Charlie Duskin is from the city. Rose Butler lives in the country. Charlie is quiet. Rose is loud. Charlie is poetic and musical. Rose is crass and blunt. The two girls could not be more different from one another - or so it seems.
A Little Wanting Song is a perfect story of loss, love and the process of learning how to communicate about them both. While they are different in obvious, outward ways, Charlie and Rose are alike in deeper, internal ways, both struggling with complicated emotions. Cath Crowley alternately narrates the story from both Charlie's and Rose's point of view, so the reader is able to get inside the heads of both girls in a fluid, organic, and extremely satisfying way.
Listen to the opening paragraph of the book: "Dad and I leave town in the early dark It's so early he's wiping hills of sand piled in the corners of his eyes. I wipe a few tears from mine. Tears don't pile, though. They grip and cling and slide in salty trails that I taste till the edge of the city." This is Charlie's voice. Charlie is a musician. She plays the guitar, sings, and writes songs. That first paragraph - Charlie's voice - sounds like a song. A Little Wanting Song is exactly that. Written in spare, lyrical language, the novel evokes the same kind of penetrating resonance that a song does. It's painfully honest. It's accessible. It's easy to read and then read again, sinking in even more deeply.
Listen, now, to the beginning of Rose's first chapter: "Of all the places in the world I could have been born, I get the drink and toilet stop capital of the world. Like my boyfriend, Luke, says, 'You got to be pissed about that.' I am pissed about it. Some days I'm so pissed, I throw rocks at the cars driving out because they get to leave and I don't." Rose's voice does not sound like a song, not by a long-shot.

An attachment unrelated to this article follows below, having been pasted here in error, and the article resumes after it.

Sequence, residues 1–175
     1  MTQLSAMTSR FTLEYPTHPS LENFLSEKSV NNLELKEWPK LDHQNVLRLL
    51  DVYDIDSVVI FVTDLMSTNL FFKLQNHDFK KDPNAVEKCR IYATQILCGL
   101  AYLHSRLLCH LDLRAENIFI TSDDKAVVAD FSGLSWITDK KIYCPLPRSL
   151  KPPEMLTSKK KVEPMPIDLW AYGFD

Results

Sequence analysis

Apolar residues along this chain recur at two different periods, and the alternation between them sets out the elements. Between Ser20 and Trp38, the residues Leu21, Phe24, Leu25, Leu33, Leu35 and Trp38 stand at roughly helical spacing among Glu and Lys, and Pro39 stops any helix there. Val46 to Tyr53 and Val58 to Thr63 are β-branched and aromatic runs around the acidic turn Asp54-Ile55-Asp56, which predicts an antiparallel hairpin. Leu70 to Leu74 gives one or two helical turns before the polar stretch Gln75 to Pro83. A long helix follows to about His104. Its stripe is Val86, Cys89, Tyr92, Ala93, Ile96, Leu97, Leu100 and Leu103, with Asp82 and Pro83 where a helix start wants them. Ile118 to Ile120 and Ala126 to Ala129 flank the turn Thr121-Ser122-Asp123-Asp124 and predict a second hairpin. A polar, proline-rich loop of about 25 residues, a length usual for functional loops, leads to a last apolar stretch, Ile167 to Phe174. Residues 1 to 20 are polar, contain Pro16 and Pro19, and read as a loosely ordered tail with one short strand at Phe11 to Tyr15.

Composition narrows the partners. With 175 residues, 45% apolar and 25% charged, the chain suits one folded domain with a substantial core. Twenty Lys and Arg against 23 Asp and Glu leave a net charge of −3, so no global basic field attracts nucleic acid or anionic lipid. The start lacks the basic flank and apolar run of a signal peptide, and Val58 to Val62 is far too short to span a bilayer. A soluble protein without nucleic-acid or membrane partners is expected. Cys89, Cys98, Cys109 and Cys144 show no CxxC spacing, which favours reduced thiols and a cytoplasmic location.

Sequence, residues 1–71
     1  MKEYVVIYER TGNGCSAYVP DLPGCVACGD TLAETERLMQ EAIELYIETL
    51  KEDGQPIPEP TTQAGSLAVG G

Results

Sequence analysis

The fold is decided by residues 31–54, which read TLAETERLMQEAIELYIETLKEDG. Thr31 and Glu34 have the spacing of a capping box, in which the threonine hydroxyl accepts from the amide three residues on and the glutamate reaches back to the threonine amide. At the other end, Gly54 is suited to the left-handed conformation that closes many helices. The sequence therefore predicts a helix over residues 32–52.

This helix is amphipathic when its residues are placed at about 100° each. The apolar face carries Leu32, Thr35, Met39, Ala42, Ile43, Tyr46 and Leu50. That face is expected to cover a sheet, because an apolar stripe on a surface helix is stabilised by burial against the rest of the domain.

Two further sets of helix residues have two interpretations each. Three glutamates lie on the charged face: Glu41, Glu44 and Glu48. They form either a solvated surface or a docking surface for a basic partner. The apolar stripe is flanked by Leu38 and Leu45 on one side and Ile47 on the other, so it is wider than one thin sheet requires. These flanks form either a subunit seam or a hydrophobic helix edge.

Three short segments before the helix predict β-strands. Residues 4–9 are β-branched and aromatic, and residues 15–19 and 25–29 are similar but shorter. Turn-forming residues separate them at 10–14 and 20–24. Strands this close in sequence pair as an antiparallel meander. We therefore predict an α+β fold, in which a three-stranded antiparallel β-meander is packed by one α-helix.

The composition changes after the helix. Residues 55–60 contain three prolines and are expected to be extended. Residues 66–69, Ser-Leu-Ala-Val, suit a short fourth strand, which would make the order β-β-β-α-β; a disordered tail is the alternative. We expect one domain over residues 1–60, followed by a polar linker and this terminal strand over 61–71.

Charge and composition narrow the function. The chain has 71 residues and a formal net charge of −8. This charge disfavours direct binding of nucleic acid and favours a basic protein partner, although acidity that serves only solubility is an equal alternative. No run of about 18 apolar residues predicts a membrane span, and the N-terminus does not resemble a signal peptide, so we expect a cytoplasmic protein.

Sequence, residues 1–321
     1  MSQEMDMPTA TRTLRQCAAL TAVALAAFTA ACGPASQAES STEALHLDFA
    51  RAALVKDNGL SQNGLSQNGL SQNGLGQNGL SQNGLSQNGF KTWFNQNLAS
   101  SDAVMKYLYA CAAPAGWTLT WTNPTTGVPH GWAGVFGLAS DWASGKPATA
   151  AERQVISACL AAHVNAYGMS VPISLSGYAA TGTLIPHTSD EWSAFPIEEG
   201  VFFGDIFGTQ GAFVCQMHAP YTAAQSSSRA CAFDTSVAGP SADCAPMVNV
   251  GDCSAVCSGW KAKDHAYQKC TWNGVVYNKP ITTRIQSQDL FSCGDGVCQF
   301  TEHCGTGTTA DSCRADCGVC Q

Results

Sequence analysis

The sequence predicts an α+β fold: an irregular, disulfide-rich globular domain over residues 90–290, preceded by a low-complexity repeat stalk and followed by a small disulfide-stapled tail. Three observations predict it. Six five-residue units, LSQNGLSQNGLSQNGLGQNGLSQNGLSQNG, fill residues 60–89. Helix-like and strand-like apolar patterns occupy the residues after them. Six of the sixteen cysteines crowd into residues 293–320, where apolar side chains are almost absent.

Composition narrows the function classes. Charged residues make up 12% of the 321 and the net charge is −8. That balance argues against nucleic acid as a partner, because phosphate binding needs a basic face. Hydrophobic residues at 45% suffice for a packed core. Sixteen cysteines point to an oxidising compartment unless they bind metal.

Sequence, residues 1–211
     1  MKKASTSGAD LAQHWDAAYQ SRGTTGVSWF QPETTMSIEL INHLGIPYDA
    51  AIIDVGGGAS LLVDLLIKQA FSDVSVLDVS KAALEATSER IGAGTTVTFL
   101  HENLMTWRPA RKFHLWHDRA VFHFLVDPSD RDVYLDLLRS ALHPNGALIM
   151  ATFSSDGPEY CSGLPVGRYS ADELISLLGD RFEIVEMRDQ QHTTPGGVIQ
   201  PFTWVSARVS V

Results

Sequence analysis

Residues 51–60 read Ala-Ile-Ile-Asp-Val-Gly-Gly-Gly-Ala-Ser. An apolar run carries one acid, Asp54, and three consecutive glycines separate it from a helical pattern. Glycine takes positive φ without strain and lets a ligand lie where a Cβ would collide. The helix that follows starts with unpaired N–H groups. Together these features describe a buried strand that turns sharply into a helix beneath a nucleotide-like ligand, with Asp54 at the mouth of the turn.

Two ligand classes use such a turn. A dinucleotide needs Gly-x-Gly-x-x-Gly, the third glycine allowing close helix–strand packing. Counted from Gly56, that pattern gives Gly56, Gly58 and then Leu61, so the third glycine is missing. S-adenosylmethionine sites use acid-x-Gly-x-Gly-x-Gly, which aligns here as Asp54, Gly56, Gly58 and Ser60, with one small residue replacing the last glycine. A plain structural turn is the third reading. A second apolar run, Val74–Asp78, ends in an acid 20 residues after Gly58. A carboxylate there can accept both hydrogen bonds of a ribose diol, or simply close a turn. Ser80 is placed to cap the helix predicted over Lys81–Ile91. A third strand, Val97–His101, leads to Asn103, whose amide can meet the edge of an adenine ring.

So Charlie's chapters are musical; Rose's chapters are not - at first. Slowly, this changes. As Charlie becomes friends with Rose, as she falls in love, as she lets go of her painful past, and as she simply opens up more and more, her music opens out into the world. And as Rose changes and grows too, she feels that music and takes some of it in. This is where Crowley's writing and narrative structure really shines; because the story is told from both girls' points of view, their voices distinctly reflect their inner transformations.
Listen to Rose again, this time at the end of the book, describing Charlie's performance at the talent show: "It's like feeling the cool change come through your window on a night when you're hungry for a summer breeze. It's singing the color of sunrise." Rose's voice has, indeed, become a song too.
A Little Wanting Song leaves the reader deeply satisfied and only wanting more... of Cath Crowley.
This review was originally published in September 2010, and has been updated for the October 2011 paperback release. Click here to go to this issue.
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